Mount Ascutney through the rain, seen down Main Street in Claremont.

I say Ascutney, you say Kaskadenak ...


Submitted 4 months ago

After two years of contemplating a name change for Mount Ascutney, the Vermont Department of Libraries will be discussing the name at a public meeting July 17 in Barre.

Robert Hutchins of Hartland presented the idea of changing the name from Mount Ascutney to its indigenous name Cas-Cad-Nac in 2016. Hutchins later corrected the spelling to Kaskadenak. He said the process was delayed due to personnel changes in the Vermont Department of Libraries. State Librarian Scott Murphy was appointed in May 2017.

“It’s a long process anyway,” Hutchins said.

About 25 residents from West Windsor and neighboring towns signed a geographic naming petition for the Vermont Board of Libraries. 

The feelings regarding the changing the name have been mixed.

“I got an earful yesterday, so I don’t think there will be wide support, but we’ll see,” said West Windsor Selectboard chair Win Johnson. “I heard a number of people saying they liked ‘Asctuney.’”

The West Windsor Selectboard received a letter from Vermont Department of Libraries on June 28, informing the board of the meeting in Barre and inviting board members to submit a response. West Windsor is planning to discuss the name change at a meeting July 9. Windsor is scheduled to talk about the name change on July 10 and Weathersfield will discuss it July 16. All three towns plan to submit responses to the petition.

“I was surprised that as long as this as been discussed that the notice came out so late,” said Windsor Town Manager Tom Marsh.

Marsh plans to put out a Survey Monkey on the town’s Facebook page to invite people to share their thoughts.

“The word is getting out there,” Marsh said. Most have told Marsh “no way” to the idea, he said.

Marsh said some of the people he’s talked with do not know the history behind the mountain.

Hutchins, who lives in Hartland, grew up hiking Mount Ascutney.

He became interested in the area’s history after he discovering lava formerly ran through his property. 

Local geologist David Howell of Walpole, New Hampshire told Hutchins the rocks surrounding Mount Ascutney are from a volcano that existed 150 million years ago.

“That got me excited,” Hutchins said. 

Matt O’Donnell, a contractor for the U.S. Board on Geographic names, further clarified in a June 4 email to the library board that  “the mountain is made up of plutonic igneous rocks which are the eroded remains of the magma chamber of a volcano that existed 150 million years ago.”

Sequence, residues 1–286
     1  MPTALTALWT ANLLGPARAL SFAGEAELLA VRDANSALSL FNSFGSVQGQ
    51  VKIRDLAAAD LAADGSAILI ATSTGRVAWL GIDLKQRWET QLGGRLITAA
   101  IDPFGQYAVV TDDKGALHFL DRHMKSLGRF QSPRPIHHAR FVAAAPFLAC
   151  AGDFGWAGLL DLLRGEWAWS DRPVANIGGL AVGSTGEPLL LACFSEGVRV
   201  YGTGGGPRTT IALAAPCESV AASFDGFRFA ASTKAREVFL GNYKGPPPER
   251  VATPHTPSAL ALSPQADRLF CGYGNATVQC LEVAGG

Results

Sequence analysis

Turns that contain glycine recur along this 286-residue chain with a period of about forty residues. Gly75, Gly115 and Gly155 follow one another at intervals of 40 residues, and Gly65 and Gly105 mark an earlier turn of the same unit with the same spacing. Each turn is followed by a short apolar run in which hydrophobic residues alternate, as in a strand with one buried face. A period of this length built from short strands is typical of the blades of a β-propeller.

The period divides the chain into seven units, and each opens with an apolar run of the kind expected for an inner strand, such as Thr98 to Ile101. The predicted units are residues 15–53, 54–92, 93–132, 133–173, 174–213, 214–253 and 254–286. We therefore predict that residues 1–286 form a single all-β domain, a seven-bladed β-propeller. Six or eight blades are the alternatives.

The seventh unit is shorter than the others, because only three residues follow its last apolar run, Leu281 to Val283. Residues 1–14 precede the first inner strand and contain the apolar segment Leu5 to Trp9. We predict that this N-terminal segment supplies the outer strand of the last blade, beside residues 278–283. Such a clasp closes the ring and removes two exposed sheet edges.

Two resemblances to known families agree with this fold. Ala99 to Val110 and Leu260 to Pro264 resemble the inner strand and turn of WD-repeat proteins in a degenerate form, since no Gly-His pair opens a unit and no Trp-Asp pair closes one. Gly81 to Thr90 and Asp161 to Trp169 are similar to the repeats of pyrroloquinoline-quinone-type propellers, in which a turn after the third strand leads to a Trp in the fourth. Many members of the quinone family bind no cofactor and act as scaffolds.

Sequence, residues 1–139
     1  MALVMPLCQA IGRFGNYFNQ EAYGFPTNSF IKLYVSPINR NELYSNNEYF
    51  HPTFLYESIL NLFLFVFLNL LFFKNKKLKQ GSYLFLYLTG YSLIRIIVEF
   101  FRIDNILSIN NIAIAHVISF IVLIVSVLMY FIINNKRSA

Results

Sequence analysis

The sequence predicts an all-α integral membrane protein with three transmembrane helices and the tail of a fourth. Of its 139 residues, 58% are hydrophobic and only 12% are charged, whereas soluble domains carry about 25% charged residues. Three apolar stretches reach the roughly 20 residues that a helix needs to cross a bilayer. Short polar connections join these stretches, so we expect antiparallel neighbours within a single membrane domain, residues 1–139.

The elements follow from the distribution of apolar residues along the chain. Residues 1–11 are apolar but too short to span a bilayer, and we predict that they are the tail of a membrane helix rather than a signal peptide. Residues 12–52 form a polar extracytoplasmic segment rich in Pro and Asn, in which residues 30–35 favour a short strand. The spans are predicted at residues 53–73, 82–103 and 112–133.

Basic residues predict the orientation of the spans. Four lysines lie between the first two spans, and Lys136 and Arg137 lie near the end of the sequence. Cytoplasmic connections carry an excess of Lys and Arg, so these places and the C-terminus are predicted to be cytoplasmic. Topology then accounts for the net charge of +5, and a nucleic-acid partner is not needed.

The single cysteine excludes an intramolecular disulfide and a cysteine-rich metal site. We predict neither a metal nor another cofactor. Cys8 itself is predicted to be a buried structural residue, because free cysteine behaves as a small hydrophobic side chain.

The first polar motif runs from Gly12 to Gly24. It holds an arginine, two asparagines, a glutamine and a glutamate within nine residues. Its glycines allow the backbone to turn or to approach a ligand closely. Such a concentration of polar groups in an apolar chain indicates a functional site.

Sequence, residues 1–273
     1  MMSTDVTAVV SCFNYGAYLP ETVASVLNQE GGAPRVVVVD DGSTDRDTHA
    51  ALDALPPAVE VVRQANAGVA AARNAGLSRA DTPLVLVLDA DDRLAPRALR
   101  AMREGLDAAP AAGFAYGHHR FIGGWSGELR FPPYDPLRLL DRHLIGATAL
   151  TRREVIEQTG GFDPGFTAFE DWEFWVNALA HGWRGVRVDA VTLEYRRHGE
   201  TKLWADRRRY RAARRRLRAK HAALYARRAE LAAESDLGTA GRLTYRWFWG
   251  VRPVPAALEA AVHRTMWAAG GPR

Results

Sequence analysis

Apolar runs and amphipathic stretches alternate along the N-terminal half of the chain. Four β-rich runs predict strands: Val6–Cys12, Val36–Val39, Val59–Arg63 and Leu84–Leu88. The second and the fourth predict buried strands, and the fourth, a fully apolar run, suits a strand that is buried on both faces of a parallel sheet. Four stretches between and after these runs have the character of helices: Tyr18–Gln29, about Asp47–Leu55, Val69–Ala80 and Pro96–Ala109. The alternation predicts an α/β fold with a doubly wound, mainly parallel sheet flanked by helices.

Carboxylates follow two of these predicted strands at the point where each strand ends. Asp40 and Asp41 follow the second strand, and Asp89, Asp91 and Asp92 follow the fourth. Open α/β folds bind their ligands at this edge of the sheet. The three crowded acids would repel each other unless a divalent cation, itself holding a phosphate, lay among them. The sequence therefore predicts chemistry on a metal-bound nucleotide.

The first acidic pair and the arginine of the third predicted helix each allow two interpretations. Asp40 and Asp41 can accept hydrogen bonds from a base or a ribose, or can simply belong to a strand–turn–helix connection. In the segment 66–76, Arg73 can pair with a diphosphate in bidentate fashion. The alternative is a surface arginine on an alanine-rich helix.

[Editor's note: reference to the bedrock geology map of Vermont published by the U.S. Geological Survey shows that Hutchins and O'Donnell recall the age of the rocks and origin of the “Ascutney igneous complex” more or less correctly. But its origin is not related to volcanic activity. Rather, it cooled from a molten state far beneath the surface 125 to 113 million years ago. It is related to similar complexes that give the Granite State its name.]

The Abenaki tribe is believed to have called the mountain “Kaskadenak,” which translates to “that which is a wide mountain,” according to Ives Goddard, a senior linguist at the Department of Anthropology of the Smithsonian Institution.

“It’s not to change the name just to change the name,” said Hutchins. “It’s been wrong for some time.”

The website for Ascutney State Park states: “Mount Ascutney,... is named from the derivative of several Abenaki words meaning "mountain of the rocky summit ...” Bob Lindeman, in his chapter in the book “50 Hikes in Vermont” (2003), states that “Ascutegnik” was the name of the Abenaki settlement the juncture of the Sugar and Connecticut rivers, not the mountain.

The Vermont State Library Board will make the decision. Vermont State Librarian Scott Murphy, who was appointed in May 2017 said the board has seen many name change proposals through the years. This is the first request to change the name of Mount Ascutney.

A name change for a mountain is not unprecedented in the U.S. Few people refer to the tallest mountain in North America as Mount McKinley anymore. The State of Alaska changed the official name to Denali in 1975, and the U.S. Department of Interior followed suit in 2015. Denali is the Koyukon tribe's word for “high” or “tall.”

There is a certain amount of branding attached to the Ascutney name. The town of West Windsor purchased the Mount Ascutney ski area in 2015, following its closure and bankruptcy in 2010. Since then, Ascutney Trails and Sports Trails of Mount Ascutney have created mountain bike and hiking trails.

The State Library Board meeting is 10 a.m. to noon at 60 Washington Street in Barre on July 17.

-- KATY SAVAGE
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